Crossing the head of Tikao Bay is a massive trachyte, over 30 feet thick, striking approximately north–south, and dipping west at an angle of about 35°. At first I considered this occurrence to be one of the later trachyte dykes, and this may be correct after all, but I am inclined to think that it may be a flow with a dip in agreement with that of the other trachytes exposed along the margin of the bay. It is oriented in such a direction that it might coincide with the mass referred to earlier as being exposed towards the western border of the summit of the shelf, and a similar rock is exposed on the south side of the head of a small valley leading down to the Carenage. These facts fit the conclusion that it is either a titled flow or a dyke. All the trachytoid rocks of the shelf are penetrated by a later series of trachyte dykes, and by occasional basalts, all oriented towards Onawe, and it is possible that this major occurrence as well as some of the minor outcrops belong to these later intrusions.
The wide spacing of the major outcrops on the summit of the shelf and the continuity of the trachytoid rocks round the shore-line from the Carenage to the head of Tikao Bay and a little beyond indicate that the main mass of the shelf above sea-level is constructed of these rocks, and that it constitutes the greatest development of such rocks within the Akaroa area. Their presence materially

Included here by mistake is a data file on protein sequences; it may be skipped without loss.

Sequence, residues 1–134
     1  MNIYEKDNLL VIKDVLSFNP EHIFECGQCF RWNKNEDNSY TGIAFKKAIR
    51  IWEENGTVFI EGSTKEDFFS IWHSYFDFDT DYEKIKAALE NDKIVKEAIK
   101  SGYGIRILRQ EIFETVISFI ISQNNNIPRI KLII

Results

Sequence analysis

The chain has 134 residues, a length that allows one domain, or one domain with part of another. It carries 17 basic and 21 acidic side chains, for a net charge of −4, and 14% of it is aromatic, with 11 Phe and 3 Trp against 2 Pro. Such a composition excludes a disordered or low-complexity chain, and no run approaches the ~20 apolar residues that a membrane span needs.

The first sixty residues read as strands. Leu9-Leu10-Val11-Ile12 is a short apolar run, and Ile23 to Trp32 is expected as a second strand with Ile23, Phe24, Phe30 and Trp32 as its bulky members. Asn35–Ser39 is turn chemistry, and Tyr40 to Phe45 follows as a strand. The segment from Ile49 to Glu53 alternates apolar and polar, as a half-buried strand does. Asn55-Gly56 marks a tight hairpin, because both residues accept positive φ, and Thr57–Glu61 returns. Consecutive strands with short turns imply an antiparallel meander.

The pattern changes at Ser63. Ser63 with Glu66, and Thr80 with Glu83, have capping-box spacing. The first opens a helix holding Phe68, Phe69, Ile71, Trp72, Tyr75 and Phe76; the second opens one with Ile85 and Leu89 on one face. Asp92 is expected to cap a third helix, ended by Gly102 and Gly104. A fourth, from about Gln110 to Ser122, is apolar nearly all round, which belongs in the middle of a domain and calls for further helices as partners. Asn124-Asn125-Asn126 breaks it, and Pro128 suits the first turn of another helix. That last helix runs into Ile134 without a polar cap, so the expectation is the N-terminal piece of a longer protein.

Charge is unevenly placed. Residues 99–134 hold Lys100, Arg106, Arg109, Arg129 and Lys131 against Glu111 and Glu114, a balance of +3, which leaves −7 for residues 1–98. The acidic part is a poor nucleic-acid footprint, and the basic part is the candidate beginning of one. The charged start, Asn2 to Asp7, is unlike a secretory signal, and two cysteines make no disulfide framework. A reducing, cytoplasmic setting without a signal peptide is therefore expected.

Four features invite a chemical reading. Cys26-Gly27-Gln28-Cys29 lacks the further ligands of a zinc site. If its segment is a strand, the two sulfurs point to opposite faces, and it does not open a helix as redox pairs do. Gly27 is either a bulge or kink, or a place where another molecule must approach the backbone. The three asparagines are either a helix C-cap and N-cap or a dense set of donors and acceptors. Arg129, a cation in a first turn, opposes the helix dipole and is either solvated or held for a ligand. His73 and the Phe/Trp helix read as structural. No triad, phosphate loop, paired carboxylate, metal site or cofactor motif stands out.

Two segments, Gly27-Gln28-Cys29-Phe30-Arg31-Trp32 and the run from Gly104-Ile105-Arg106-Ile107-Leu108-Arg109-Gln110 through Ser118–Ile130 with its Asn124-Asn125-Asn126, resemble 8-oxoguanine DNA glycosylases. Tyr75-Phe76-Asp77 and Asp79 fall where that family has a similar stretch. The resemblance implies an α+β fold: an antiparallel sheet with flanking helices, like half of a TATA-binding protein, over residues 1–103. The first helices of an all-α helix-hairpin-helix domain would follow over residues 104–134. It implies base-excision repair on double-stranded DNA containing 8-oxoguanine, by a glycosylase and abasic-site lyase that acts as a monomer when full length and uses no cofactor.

strengthens the contention that the cone of the Akaroa volcano has been built on a basement which includes volcanics of an earlier date, and of a different petrological facies. Certainly some doubt may be expressed in this particular in connection with the Carenage-Tikao trachytes since basic rocks have not been observed to overlie them definitely, but these occur at a higher level on the interior slopes of the caldera in the immediate background of the shelf, and it would not be reasonable to conclude that the trachytes represent a separate and subsequent development on the floor of an already formed caldera, especially since related rocks are clearly overlain by basic flows at French Farm, Onawe, and Lushington Bay. These are older than the Akaroa basic rocks, and it is therefore almost certain that the Carenage-Tikao trachytes are also older. Trachyte dykes penetrate both series, but I do not think that any close relationship can be inferred as existing between the later trachyte dykes and the older trachyte flows and clastics. It only means that a reversal to an earlier condition of alkalinity has occurred either accompanying the extrusion of basic material or more probably marking an end-phase of these extrusions. These remarks as to the relationship of the trachyte dykes to the older trachytes also apply to the occurrences elsewhere round the harbour. Also it must be noted that in no locality is there any clear-cut exposure of the basement on which these older trachytes lie.